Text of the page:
Two Spanish visitors and I, guided by Sr Dorothy from New Zealand, Director of our Catholic Health Training Institute in Wau, recently visited the wards of the Wau Teaching Hospital as well as the St Daniel Comboni Catholic Hospital where our registered nurse students are on clinical placement. I had visited these facilities before. I found it simply wonderful to observe the dramatic improvement in the buildings but especially, also, the greater confidence of the staff, and nurse trainees, that is now evident. Standards of care have risen dramatically with great benefit to the people of South Sudan. I drove the two Spanish visitors from Yambio to Wau and later to Aweil to catch a plane back to Juba. It was a stimulating occasion discussing our SSS goals and achievements with these two inquisitive guests, Claretian priest, Fr Javier Ojeda, and De La Salle Christian Brother, Br Javier Sanchez. These two men have worked energetically behind the scenes for Solidarity with South Sudan (Solidarity) to generate the funds necessary to develop and sustain our work. ‘No money, no mission’ was one of the very practical epithets uttered by our former Superior General, Brother John Johnson. It was their first opportunity to see what they have helped bring about. Working in the hospitals as trainee nurses were the students to whom I had taught English last year as part of a Foundation programme in preparation for the formal registered nurse training. What a joy to see the assertive ‘presence’ they have developed and the belief and pride in what they are now doing! For me personally, their warm greetings were very reaffirming.
For our Spanish visitors, it was extremely gratifying that their seemingly endless toil over fundraising applications has born such fruit. In the great freedom seeking movements of the sixties, they used to sing: ‘All we are saying, is give peace a chance’. What I hear the young people of South Sudan saying today, now that there is peace, is: ‘All we are saying is give us a chance.’ Give us a chance to help our people with better health care, better education and better attitude. Trauma in this country runs deep – in prisons, homes, schools, hospitals, wherever the people are. Our Solidarity pastoral team has already delivered a Capacitar workshop on trauma healing in the Wau prison. I often recall asking a Wau class about their families. Only 12 out of 32 still had fathers living. The mothers of 26 of this class were still living but in most of their families some siblings had died. The guns of war were directly responsible for the death of many people but, indirectly, many more died from starvation, poor health care and harsh living conditions.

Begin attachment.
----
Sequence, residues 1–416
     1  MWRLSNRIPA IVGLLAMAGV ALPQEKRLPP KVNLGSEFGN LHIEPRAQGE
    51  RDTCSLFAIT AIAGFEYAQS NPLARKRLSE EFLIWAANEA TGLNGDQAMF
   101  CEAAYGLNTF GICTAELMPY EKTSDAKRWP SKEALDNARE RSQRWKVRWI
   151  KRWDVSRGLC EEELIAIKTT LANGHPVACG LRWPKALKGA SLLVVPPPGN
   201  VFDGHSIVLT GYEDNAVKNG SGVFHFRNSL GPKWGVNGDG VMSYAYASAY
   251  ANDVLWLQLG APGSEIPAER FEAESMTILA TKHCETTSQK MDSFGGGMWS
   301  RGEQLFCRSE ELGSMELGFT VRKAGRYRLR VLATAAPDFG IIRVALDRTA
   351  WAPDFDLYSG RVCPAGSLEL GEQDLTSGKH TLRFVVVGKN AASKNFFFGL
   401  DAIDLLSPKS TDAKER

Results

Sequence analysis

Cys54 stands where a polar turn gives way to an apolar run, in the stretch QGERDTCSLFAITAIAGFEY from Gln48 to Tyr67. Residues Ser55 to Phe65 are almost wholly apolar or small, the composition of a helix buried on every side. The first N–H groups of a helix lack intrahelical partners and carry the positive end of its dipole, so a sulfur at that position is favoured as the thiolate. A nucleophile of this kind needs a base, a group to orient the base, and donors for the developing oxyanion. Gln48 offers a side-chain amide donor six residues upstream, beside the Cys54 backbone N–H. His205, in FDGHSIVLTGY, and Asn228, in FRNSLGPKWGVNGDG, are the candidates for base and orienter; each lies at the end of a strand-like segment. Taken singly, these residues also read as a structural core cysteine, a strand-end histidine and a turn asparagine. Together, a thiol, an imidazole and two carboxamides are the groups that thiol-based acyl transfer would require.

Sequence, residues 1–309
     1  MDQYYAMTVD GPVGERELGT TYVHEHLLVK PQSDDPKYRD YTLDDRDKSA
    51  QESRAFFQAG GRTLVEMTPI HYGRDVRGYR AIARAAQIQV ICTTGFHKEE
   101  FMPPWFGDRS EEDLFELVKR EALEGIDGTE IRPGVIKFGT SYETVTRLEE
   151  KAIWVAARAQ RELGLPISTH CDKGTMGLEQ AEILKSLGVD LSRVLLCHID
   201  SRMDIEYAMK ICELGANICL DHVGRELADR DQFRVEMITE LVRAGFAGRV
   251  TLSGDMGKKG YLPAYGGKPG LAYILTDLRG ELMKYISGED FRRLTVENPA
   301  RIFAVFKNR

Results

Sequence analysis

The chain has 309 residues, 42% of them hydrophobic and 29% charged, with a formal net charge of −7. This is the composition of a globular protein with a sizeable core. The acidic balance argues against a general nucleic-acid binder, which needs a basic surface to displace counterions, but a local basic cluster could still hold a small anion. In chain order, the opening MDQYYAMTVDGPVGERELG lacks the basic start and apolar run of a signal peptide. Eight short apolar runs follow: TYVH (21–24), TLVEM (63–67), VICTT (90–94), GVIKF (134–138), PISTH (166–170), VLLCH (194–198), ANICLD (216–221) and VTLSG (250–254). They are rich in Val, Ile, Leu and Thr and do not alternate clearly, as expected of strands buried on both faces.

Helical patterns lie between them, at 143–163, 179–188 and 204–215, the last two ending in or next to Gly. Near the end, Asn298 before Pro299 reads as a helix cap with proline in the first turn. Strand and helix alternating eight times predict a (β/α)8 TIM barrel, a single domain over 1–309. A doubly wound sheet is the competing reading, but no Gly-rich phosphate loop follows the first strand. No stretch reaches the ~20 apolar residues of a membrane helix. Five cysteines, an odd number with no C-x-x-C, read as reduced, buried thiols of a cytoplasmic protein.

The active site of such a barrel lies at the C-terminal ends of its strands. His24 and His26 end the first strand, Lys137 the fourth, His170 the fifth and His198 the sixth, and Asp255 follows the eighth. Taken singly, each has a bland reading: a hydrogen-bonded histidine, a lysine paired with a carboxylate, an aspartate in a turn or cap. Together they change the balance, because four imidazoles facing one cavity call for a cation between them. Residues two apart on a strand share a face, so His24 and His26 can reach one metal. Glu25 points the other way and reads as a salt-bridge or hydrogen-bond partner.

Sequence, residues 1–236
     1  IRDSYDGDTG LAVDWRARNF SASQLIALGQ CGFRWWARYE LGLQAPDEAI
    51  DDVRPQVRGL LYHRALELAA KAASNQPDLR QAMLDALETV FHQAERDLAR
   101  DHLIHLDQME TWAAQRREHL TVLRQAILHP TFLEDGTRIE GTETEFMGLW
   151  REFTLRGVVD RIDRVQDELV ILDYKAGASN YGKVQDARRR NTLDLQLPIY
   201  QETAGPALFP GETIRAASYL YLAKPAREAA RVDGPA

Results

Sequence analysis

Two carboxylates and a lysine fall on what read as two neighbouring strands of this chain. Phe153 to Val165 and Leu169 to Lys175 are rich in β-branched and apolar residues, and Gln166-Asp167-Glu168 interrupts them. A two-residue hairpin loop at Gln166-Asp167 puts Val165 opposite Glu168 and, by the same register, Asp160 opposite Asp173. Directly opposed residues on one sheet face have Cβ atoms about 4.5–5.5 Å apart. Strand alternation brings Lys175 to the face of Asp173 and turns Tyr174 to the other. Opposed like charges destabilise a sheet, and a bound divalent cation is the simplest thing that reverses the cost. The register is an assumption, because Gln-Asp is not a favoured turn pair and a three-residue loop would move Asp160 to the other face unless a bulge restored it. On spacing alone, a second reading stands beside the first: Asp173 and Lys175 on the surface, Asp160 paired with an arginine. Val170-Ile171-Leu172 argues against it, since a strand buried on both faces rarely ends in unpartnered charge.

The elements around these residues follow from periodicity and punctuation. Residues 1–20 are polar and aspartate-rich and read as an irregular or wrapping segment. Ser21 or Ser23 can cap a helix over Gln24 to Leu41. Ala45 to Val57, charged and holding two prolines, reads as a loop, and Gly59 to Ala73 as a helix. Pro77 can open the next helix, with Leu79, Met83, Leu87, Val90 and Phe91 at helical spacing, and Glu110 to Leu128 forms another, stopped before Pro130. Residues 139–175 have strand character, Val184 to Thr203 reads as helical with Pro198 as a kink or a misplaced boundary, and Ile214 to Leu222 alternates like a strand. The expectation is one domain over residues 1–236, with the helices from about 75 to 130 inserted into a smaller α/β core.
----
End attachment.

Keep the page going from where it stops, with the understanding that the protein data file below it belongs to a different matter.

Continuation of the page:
Here people do not ask for much. They are grateful for the gift of life and celebrate it daily with family and friends. I find myself moved by young people who approach me, not for their own advantage, but with questions such as ‘Can you assist my sister, my brother, my friend?’ Can you help the baby in the Wau Hospital, cradled in his mothers arms, a child with hideously swollen lips who has the highly contagious disease of anthrax? I listened to a doctor say he could not place this child in a ward with other patients and put all of them at risk. The hospital says it cannot afford an extra nurse to care for this child in an isolation ward. Such is the dilemma, and sometimes the despair, of South Sudan.
The words of the Liam Lawton hymn, The Pieta, take on extra meaning:
Who will come and share my sorrow
Hold my heart ‘til wake tomorrow
Is there time that I could borrow
Oh oh oh oh the silence and the sorrow.
Here in South Sudan we are bringing professional care into the silence and the sorrow. Our Health Training Institute is healing and holding hearts to a waking tomorrow.